The court dealt with two motions in this case. The first was brought by the Respondent father, seeking a temporary order to change the final order in place regarding parenting time. The final order in place at the time these motions were heard required the party’s child to reside primarily with the Applicant Mother. The Respondent father is seeking that the party’s child reside with him on a primary and full-time basis, with the Applicant mother having supervised parenting time. The second motion was brought by the Applicant mother in which she seeks the dismissal of the Respondent father’s motion and an order to update the section 112 OCL report.
- Should primary care and control over the party’s child revert to the Respondent father on a temporary basis?
- If so, what sort of parenting time should the Applicant mother have?
The court reviewed the case law regarding requests to change a custody, access or a parenting order, and referenced the two-stage process they must undergo outlined in Gordon v Goertz:
- A determination as to whether there is a material change since the last order was made, and
- If so, a fresh inquiry into the best interests of the child.
The court noted this process varies when determining whether to make a temporary order for variation of a final parenting order. The court must not only undergo the two stages outlined above, but they must also:
- Assess whether the changed circumstances have created a situation of actual or potential harm, danger or prejudice for the child, or such nature or magnitude that immediate rectification or correction are required to safeguard the child’s best interests;
- Be satisfied that the child’s best interests require an immediate change to reduce the detrimental impact of unacceptable negative dynamics or behaviors;
- Be satisfied that the existing order has come to be demonstrably contrary to the best interests of the child and that the proposed temporary variation is urgently needed to shield the child from likely future harm;
- Be satisfied that the proposed new arrangement is so necessary and beneficial that it would be unfair to the child to delay implementation.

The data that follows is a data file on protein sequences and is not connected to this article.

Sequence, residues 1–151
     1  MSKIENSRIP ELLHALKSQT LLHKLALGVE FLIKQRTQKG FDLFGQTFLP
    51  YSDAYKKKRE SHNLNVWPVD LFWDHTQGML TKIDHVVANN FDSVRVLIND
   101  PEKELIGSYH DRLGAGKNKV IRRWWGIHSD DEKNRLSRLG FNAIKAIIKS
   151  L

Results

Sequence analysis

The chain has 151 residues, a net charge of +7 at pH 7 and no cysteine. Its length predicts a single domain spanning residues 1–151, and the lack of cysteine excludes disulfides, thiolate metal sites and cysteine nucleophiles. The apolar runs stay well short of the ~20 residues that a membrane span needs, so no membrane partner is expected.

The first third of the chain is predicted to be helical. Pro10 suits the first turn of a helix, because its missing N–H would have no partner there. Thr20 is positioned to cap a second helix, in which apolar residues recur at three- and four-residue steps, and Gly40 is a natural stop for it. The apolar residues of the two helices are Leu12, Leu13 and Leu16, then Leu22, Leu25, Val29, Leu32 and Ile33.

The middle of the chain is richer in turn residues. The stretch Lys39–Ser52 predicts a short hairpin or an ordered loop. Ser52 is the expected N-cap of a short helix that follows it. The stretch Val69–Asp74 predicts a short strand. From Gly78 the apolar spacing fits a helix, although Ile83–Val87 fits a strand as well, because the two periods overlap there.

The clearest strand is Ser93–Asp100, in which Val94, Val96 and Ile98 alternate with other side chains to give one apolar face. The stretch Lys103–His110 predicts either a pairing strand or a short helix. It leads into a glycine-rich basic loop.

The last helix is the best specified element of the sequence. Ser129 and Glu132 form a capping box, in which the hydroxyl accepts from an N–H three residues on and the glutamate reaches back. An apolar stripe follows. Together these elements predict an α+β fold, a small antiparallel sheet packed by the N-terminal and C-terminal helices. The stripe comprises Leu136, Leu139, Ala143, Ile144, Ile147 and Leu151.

The onus is on the party seeking a temporary variation of a final parenting order to satisfy the court of the above. They must establish that in the circumstances the existing order results in an untenable or intolerable situation, jeopardizing the child’s physical and/or emotional well-being, and that any delay in changing the present circumstances would exacerbate actual or potential physical and/or emotional harm to the child.
The court then turned to the facts at hand in this case in which great emphasis was placed on the Applicant’s sexual relationship with a man recently convicted of possession of child pornography. The court found that the mother’s permission of this man to occasionally spend time overnight at her home caused concern for her judgment, and for the party’s child’s safety.
The court was satisfied there has been a material, substantial and continuing change in the circumstances likely to affect the best interests of the party’s child because of the presence of this man in the Applicant’s home. This change arose after the making of the current final order and was not foreseeable nor could it have been reasonably contemplated by the judge who made the order. The change has created a situation of actual or potential harm to the party’s child of such a magnitude that immediate rectification was seen to be required to safeguard the child’s best interests. As such, the court was satisfied that in this instance, the court had jurisdiction to grant a temporary variation of a final parenting order.
The court ordered, on a temporary basis, that final order be temporarily stayed, and that the party’s child shall reside with the Respondent Father and the mother to have unsupervised parenting time with the child one day per week for up to 8 hours. An order was also made for the OCL to provide an updated section 112 report, as requested in the Applicant mother’s motion.